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07-28-2012, 08:08 AM   #1
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Candid-Spy Pentax Lens That shoots from the side?

A friends father was going through some old stuff and came upon his old Pentax gear. Apparently there is quite a bit there but I dont have info on it all yet.

One of the most interesting items mentioned was some sort of (apparently Pentax but not sure) candid type lens that allowed you to take photos out of the SIDE of the lens through a hole/mirror rather than through the front of the lens

alllowing you to capture candids unaware. I am trying to get more info from my buddy does anyone know of anything like this?

He says many of the lenses are very heavy, I imagine they might be taks, but not sure....

Maybe it is something like this but older not sure my friend said it was small, doesnt look like it would be effective to me: http://www.amazon.com/Opteka-Voyeur-Pentax-Digital-Cameras/dp/B0027IGDWC

07-28-2012, 09:01 AM   #2
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I remember these. They looked daft and gave rubbish results. More of a fun item then a serious bit of kit and fooled no one for a minute that you were taking a picture of them.
07-28-2012, 09:07 AM   #3
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I remember those "spy lenses". They used to be advertised on the margins of the back pages in the photo magazines along with the services that would sell you undeveloped film containing photos of women in bikinis. Definitely not Pentax-made.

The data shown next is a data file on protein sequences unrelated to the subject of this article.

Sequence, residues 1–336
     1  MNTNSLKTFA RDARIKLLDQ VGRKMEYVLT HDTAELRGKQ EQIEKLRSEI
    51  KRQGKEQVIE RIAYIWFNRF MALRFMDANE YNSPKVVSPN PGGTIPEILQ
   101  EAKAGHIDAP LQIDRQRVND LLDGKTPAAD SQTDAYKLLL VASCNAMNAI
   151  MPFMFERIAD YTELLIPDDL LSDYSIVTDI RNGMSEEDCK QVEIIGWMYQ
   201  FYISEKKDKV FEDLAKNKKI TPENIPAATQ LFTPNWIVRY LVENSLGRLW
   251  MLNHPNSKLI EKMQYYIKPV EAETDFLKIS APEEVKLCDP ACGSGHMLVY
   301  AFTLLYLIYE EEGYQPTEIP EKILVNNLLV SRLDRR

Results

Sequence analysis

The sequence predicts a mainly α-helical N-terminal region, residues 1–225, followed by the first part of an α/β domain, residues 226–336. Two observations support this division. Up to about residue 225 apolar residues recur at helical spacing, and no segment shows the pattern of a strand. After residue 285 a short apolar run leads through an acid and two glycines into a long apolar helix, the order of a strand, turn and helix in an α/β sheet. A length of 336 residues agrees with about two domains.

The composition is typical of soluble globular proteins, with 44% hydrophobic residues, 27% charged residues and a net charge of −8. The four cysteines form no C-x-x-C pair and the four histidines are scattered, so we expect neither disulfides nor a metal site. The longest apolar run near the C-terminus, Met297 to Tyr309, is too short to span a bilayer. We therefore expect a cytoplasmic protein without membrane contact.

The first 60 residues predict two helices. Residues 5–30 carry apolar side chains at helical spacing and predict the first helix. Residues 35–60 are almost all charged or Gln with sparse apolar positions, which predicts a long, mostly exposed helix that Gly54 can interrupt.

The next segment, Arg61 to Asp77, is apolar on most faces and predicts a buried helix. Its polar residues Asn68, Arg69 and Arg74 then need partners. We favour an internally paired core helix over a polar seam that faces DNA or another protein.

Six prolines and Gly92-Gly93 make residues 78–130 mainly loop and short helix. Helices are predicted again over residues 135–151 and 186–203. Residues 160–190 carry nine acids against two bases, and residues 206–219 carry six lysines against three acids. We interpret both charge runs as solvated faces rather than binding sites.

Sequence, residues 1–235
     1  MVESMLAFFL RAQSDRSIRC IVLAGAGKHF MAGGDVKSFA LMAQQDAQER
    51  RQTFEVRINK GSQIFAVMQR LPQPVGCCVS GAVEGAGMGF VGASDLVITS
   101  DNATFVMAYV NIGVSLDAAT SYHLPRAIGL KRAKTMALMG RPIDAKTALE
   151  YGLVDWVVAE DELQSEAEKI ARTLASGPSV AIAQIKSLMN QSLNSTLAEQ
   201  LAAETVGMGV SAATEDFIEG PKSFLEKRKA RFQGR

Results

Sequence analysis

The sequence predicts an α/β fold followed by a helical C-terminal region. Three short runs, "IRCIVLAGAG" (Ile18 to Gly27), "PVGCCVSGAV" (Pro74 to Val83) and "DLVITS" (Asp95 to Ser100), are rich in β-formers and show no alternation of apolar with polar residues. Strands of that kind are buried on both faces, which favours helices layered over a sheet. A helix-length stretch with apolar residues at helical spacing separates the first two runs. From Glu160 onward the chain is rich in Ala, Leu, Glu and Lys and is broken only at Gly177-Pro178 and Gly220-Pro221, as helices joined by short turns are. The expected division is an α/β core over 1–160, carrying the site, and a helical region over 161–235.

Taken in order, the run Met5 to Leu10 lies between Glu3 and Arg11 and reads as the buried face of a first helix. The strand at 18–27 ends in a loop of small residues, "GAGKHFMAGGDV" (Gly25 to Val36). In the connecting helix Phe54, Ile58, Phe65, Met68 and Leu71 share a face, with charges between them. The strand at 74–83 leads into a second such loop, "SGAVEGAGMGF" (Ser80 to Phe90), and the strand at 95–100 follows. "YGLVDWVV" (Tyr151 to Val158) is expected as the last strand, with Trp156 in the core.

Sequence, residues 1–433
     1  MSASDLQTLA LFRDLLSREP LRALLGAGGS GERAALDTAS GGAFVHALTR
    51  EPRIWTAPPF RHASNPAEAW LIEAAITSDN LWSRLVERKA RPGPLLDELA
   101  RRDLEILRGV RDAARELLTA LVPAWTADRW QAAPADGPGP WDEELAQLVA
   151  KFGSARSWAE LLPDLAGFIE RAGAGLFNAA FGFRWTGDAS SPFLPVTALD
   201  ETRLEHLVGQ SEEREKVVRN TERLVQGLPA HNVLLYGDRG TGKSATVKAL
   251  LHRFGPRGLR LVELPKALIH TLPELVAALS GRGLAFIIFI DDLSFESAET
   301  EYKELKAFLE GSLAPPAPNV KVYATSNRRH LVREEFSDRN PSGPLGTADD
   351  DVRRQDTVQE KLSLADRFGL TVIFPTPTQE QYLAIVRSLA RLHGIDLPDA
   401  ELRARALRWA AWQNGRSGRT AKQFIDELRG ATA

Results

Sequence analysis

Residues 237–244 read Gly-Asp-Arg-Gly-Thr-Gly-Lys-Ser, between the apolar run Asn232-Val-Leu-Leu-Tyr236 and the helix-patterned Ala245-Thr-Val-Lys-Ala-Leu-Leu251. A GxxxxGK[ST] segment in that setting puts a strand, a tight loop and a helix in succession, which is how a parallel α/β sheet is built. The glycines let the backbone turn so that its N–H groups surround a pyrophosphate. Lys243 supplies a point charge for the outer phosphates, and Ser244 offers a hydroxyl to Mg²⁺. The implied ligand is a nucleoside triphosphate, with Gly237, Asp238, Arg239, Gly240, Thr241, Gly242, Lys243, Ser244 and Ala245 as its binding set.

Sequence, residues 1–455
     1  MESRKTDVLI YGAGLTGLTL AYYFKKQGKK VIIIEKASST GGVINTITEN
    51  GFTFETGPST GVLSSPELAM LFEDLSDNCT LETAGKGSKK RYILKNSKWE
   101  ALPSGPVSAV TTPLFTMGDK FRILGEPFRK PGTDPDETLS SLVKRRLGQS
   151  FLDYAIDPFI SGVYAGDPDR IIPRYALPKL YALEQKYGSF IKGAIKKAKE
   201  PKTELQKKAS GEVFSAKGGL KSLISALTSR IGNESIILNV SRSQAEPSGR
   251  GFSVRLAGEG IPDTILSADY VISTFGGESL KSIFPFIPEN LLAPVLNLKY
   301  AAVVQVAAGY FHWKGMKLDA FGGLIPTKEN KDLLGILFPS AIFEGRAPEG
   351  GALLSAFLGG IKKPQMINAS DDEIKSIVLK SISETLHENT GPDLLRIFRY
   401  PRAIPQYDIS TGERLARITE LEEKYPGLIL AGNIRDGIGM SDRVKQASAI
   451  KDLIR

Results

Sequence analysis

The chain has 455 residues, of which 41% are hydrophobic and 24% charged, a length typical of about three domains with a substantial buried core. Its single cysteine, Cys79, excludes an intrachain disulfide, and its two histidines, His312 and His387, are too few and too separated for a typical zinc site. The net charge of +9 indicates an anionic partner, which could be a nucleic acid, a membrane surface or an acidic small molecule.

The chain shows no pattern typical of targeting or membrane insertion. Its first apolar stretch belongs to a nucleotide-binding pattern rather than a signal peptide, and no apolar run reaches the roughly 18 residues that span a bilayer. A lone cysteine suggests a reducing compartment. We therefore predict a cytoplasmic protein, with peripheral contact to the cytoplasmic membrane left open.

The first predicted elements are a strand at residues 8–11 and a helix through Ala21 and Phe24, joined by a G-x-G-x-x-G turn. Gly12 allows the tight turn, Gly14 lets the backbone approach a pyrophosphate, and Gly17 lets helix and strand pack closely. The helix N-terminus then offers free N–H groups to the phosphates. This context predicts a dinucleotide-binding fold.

Steve
07-28-2012, 09:11 AM   #4
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Ok thought it sounded a bit too good to be true. I suppose if something decent like this existed it would be well-known and coveted.

07-28-2012, 09:12 AM   #5
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QuoteOriginally posted by stevebrot Quote
I remember those "spy lenses". They used to be advertised on the margins of the back pages in the photo magazines along with the services that would sell you undeveloped film containing photos of women in bikinis. Definitely not Pentax-made.


Steve
Pentax never manufactured them, but Asahi sure did.
PENTAX Mirror Adapter reviews - Pentax Camera Accessory Review Database

There were version I and version II of them, but I don't know the difference between them.
07-28-2012, 09:57 AM   #6
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QuoteOriginally posted by Fogel70 Quote
Pentax never manufactured them, but Asahi sure did.
PENTAX Mirror Adapter reviews - Pentax Camera Accessory Review Database

There were version I and version II of them, but I don't know the difference between them.
Wonder if its any better optically than the Opteka that is trashed in the one review of it I can find?
07-28-2012, 10:03 AM   #7
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I have one of those...I've never used it. I'd be scared if someone figured it out and got mad. I think for candid shots it could be fun.
07-28-2012, 10:11 AM   #8
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QuoteOriginally posted by Fogel70 Quote
Pentax never manufactured them, but Asahi sure did.
PENTAX Mirror Adapter reviews - Pentax Camera Accessory Review Database